Income consider for a mortgage

Bank of England

An Olympian who won a rowing gold medal at the Rio games this summer has disclosed that his £28,000 tax-free income doesn’t count as income for a mortgage. His plight prompts the question: what will lenders accept?

Lenders’ main aim is to establish whether any declared income is sustainable and can be relied on to help make mortgage payments.

So, while a wide range of income sources will generally be accepted, the degree of proof required varies according to the income type.

For instance, Nationwide will accept basic pay, bonuses, overtime pay, commission and more.

The building society requires only the latest payslip as proof of basic pay, but needs the previous four statements for any half-yearly bonus payments and the previous three monthly payslips – or eight weekly – for any overtime.

Those who are self-employed generally need to supply greater levels of proof. For a sole trader, Nationwide requires an accountant’s certificate covering at least the previous two years for loans of up to £500,000, and two more years of accounts for a loan of more than £500,000.

Many lenders will consider income from a second job, although third jobs are rarely taken into account.

Halifax’s website says that when it decides whether to include income from a second job, it will consider the hours worked, distance between the two jobs, length of time in both positions, the number of days the borrower works per week and more.

Some lenders set out specifically the percentages of different income types they will accept.

Accord Mortgages, which features regularly in Telegraph Money’s best-buy tables, accepts 50pc of “sustainable overtime and bonus” income, 50pc income from a second job and 100pc of the income from two part-time jobs.

Other income types that are widely considered include working or child tax credits, disability benefits, directors’ dividends and pension income.

There are a number of forms of income deemed unacceptable, although there is significant variation between lenders. Nationwide, for instance, won’t count income from lodgers, third jobs or educational grants.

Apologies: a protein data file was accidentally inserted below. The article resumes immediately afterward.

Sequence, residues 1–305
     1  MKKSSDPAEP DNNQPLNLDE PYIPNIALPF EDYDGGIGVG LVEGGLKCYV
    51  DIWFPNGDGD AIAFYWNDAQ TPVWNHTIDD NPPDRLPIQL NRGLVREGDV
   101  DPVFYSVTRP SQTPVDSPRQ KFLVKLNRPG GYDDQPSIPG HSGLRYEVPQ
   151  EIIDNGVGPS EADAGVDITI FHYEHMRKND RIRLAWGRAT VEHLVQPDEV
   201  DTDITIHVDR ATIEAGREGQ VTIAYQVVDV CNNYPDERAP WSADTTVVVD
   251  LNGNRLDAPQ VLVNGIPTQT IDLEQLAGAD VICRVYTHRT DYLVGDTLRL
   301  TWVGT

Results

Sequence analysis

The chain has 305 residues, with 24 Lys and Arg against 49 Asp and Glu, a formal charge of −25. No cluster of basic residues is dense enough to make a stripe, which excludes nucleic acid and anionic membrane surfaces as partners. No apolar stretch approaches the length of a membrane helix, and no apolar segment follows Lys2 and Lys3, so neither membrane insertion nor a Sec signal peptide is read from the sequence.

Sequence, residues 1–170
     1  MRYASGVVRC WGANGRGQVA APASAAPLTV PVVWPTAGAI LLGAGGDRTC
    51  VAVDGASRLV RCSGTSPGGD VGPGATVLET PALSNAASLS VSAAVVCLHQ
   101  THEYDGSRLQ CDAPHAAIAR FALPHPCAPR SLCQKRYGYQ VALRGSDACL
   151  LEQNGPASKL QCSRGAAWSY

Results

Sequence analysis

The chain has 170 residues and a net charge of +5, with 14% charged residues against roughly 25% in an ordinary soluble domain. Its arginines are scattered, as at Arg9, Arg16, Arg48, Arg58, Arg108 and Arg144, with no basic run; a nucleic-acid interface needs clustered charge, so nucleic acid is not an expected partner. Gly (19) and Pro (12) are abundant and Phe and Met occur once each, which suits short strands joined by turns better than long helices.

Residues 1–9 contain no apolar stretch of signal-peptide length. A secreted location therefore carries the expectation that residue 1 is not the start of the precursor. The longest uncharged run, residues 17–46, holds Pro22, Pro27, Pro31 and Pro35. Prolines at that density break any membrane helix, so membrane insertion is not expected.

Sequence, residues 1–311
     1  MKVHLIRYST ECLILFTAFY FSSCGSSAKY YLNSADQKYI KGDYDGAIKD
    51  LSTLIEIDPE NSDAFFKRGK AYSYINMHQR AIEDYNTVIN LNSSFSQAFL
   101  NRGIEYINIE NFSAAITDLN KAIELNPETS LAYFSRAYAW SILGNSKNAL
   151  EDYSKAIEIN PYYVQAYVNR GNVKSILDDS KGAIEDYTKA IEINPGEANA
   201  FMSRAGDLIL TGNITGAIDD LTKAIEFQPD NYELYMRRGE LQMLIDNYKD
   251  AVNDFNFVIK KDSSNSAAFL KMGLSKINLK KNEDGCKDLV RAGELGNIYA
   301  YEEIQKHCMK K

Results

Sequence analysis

HSBC also won’t allow lodger income or maintenance income without a court order, bursary income or mortgage subsidies.

If you have income that is not accepted by the major banks and building societies, you may have more luck with smaller lenders that scrutinise mortgages individually and are more likely to consider unique circumstances.

For instance, Aldermore accepts 100pc of income from “second and other jobs”.

Will Satch, who was part of Team GB’s men’s eight team, said he had been rejected by 40 lenders as his income from UK Sport was regarded as “performance-based pay”.

Jonathan Harris, co-founder of mortgage broker Anderson Harris, said: “The larger lenders are more algorithmic. They have a system that they plug your details into and if you have any unusual income it won’t tick their boxes. Very few take investment income into account, for instance.

“Challenger banks and some building societies can be better at dealing with unusual income, as they want to capture market share.”

Mr Harris added that where lenders do count investment income, income from stocks and funds, collective investments, and property investments could all be considered.

Lenders may look at past performance, the composition of a portfolio and other contextual factors.

Rob’s comments. Income is a tricky business when applying for a mortgage. If you don’t know who is doing what you may find that you are reading a lot of websites and calling a few banks. Cut out the hard work and let the broker do it.


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